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Housing crash could cost Canadian banks billions: Moody’s

Ratings agency Moody's says that despite soaring home prices and household debt levels, Canadian banks could weather the effects of a severe housing crisis.
Ratings agency Moody's says that despite soaring home prices and household debt levels, Canadian banks could weather the effects of a severe housing crisis. AP Photo/John Bazemore, File

TORONTO – Ratings agency Moody’s says that despite soaring home prices and household debt levels, Canadian banks could weather the effects of a severe housing crisis.

Moody’s says it conducted stress tests to determine the impact on major Canadian banks in the event of a 25 per cent drop in home prices countrywide.

The analysis also included an additional 10 per cent decline in Ontario and British Columbia, where prices have skyrocketed in recent years.

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In a report published Monday, the ratings agency says that under such a scenario total direct losses to the banking system would reach almost $18 billion. However, Moody’s says the banks would be able to generate internal capital to cover those losses within several quarters.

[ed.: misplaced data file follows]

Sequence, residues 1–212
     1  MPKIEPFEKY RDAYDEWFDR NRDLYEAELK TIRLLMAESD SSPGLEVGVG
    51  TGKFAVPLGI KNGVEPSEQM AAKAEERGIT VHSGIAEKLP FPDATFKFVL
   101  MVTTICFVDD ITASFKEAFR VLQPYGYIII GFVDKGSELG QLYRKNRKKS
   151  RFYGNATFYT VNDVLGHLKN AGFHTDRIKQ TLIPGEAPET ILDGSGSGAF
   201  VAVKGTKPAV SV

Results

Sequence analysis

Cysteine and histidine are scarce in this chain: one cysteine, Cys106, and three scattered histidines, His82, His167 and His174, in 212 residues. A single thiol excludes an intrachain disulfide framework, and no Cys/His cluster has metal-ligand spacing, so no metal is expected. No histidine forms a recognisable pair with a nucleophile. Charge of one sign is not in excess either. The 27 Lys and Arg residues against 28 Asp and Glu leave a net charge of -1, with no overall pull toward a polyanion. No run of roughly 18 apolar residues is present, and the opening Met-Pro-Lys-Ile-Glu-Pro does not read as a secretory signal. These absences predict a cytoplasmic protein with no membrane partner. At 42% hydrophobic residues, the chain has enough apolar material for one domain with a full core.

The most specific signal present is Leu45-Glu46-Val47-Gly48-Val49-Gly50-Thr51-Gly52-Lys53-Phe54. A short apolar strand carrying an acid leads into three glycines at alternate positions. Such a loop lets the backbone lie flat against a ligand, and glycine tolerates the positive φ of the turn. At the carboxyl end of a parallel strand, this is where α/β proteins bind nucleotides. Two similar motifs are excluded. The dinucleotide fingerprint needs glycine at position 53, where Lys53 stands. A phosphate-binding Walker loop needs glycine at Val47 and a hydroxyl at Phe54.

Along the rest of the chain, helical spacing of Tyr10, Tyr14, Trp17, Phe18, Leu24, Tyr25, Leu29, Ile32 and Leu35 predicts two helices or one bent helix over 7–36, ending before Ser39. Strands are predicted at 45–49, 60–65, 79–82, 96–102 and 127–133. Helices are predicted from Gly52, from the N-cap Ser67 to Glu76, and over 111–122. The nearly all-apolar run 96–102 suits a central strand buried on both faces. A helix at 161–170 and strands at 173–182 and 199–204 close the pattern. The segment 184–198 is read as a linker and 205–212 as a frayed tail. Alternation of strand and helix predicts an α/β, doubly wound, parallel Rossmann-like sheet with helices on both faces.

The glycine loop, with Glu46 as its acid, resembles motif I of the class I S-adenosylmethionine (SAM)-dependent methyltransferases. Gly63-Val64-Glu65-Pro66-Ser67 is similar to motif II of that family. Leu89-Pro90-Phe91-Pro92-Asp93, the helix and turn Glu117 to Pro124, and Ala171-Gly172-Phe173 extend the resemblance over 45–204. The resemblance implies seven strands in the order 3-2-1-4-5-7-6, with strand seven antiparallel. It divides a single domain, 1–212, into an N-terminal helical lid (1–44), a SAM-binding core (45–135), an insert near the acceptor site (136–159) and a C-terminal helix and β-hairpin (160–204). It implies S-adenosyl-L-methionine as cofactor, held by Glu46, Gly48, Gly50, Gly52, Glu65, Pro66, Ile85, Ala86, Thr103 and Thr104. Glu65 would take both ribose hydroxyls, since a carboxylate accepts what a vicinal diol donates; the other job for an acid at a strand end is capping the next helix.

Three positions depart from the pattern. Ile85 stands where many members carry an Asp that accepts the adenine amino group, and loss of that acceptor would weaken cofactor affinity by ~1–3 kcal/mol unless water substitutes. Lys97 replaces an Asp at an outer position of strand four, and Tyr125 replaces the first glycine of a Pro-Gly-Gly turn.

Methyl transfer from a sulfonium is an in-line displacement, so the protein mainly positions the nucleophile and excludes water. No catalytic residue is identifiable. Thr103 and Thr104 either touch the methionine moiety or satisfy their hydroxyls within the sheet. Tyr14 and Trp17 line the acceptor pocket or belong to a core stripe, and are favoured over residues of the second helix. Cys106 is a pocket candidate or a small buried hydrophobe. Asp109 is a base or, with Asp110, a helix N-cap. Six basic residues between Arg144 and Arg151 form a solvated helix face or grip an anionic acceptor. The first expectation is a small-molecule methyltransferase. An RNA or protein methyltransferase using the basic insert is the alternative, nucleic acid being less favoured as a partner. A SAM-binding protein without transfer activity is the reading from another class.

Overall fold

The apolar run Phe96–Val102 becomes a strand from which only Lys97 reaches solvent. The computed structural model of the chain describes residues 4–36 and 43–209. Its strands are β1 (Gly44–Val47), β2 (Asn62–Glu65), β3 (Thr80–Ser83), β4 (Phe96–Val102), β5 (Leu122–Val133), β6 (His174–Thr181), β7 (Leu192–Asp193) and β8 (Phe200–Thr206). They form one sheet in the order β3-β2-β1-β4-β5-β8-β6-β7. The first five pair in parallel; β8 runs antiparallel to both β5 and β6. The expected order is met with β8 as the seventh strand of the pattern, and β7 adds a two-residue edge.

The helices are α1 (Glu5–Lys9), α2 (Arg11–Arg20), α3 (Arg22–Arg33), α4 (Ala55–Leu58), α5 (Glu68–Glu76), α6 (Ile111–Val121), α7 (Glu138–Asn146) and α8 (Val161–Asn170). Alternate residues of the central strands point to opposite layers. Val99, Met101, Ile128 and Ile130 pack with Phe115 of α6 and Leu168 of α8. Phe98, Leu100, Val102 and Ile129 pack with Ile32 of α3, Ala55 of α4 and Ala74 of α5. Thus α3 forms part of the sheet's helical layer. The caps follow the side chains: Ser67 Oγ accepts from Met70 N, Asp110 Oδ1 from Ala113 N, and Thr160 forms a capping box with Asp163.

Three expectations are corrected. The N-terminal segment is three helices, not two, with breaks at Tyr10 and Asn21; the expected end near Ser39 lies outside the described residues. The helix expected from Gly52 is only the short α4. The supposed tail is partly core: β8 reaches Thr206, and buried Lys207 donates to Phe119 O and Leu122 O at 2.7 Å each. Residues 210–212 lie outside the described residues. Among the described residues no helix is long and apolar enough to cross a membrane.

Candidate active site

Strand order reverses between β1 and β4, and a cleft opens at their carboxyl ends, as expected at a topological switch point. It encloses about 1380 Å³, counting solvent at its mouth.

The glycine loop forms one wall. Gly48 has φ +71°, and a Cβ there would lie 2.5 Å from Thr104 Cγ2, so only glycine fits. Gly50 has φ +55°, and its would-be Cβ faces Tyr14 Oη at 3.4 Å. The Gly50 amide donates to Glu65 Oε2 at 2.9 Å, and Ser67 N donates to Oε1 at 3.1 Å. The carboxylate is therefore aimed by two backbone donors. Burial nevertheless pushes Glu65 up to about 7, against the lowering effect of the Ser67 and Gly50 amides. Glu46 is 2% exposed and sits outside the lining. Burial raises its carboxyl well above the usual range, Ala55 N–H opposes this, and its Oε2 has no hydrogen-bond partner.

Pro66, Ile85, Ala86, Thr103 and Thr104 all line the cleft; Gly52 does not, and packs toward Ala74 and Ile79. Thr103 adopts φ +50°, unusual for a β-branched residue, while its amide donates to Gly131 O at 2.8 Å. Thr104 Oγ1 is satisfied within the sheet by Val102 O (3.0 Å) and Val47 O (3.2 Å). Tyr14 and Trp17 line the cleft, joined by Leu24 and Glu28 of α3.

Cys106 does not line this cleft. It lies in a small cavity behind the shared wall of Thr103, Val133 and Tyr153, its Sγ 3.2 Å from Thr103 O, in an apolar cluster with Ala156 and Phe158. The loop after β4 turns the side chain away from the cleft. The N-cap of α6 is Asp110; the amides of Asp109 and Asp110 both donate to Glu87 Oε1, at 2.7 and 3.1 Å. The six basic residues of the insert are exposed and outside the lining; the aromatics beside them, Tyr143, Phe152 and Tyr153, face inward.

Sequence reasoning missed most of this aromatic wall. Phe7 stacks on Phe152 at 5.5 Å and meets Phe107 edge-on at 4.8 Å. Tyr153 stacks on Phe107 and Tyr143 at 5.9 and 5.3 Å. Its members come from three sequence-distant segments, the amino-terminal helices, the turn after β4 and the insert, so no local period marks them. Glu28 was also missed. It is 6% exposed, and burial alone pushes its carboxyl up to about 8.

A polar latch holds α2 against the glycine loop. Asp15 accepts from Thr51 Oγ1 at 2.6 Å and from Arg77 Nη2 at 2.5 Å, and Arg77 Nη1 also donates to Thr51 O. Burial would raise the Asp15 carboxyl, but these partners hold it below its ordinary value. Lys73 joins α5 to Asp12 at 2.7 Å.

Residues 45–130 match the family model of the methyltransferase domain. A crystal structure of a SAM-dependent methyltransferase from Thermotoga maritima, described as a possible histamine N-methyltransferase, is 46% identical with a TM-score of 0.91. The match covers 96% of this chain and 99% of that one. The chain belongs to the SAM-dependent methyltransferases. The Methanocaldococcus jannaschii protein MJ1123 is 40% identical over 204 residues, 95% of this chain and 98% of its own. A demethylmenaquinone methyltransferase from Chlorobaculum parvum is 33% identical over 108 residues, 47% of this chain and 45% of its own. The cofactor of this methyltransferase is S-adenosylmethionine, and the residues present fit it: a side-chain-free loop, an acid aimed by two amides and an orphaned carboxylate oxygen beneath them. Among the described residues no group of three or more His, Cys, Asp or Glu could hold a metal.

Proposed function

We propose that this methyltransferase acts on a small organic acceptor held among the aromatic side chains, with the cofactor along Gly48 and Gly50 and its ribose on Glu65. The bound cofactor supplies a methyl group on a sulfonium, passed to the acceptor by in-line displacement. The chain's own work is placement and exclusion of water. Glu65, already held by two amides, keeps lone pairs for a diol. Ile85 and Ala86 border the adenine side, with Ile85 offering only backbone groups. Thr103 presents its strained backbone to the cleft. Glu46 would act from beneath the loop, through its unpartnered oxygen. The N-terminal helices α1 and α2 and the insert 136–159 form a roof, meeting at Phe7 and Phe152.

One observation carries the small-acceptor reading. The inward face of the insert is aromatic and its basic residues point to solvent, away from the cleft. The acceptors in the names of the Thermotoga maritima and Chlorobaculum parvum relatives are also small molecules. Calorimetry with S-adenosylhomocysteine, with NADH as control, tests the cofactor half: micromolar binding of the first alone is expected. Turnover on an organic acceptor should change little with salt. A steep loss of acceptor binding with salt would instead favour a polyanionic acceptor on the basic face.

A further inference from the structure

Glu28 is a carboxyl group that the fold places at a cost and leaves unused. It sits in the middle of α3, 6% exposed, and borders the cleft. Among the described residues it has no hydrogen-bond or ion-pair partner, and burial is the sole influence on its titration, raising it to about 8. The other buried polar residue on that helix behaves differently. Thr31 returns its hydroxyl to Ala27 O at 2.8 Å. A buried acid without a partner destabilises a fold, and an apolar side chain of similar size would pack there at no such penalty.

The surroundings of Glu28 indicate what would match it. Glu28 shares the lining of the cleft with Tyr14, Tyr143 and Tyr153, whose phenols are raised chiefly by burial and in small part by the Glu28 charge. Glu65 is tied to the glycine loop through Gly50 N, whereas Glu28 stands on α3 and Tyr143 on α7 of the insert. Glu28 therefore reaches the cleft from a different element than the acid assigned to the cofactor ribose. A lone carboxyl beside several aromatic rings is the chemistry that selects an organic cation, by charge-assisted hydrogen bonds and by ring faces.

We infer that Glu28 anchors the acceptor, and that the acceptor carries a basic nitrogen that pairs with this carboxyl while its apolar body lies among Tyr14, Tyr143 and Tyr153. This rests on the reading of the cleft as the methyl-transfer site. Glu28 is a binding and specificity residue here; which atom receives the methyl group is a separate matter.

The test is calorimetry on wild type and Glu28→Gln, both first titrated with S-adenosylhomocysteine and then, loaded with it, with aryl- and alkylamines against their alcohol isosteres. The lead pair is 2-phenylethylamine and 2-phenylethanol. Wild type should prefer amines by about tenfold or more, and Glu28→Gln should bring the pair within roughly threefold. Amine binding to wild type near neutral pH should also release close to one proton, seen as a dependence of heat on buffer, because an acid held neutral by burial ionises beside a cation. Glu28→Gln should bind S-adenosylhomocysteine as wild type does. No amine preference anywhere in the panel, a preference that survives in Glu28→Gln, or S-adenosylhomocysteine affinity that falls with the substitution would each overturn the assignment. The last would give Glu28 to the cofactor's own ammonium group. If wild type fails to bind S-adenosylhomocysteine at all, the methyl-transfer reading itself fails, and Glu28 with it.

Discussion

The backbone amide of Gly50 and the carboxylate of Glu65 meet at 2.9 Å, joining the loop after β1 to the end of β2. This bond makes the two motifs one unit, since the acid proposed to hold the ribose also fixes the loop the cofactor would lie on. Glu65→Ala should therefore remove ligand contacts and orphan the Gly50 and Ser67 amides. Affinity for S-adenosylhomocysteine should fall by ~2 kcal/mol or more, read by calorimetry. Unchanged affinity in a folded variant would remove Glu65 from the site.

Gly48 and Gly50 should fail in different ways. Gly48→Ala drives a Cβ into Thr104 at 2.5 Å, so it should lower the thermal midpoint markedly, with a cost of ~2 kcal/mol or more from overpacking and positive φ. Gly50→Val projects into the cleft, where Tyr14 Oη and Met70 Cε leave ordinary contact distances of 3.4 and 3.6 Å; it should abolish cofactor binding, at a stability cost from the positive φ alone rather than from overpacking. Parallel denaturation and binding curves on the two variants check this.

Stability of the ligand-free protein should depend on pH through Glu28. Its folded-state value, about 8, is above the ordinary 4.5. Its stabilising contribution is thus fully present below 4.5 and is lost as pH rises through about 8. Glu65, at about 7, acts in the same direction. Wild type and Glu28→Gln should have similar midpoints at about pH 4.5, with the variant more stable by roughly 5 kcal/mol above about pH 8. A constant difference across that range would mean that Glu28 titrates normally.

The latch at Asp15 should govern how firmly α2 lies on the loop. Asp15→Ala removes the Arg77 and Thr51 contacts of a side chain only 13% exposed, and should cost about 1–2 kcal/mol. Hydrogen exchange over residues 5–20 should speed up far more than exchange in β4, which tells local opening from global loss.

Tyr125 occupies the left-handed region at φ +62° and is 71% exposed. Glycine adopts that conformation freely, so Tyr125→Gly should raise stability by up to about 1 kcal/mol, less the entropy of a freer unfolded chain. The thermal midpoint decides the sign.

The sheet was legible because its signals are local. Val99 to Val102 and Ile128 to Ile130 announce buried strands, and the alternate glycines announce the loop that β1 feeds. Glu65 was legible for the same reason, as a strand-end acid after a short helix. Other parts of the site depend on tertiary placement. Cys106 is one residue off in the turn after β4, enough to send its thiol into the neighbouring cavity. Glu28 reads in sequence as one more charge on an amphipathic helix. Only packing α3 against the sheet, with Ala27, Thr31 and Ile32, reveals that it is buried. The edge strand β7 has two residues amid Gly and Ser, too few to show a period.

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The ratings agency says the negative impacts of a housing downturn in Canada would be reduced by a number of factors that differentiate Canada from U.S. mortgage markets.

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Those factors include government-guaranteed mortgage creditor and lender insurance, as well as lower rates of subprime lending and a lower prevalence of certain kinds of securitization practices.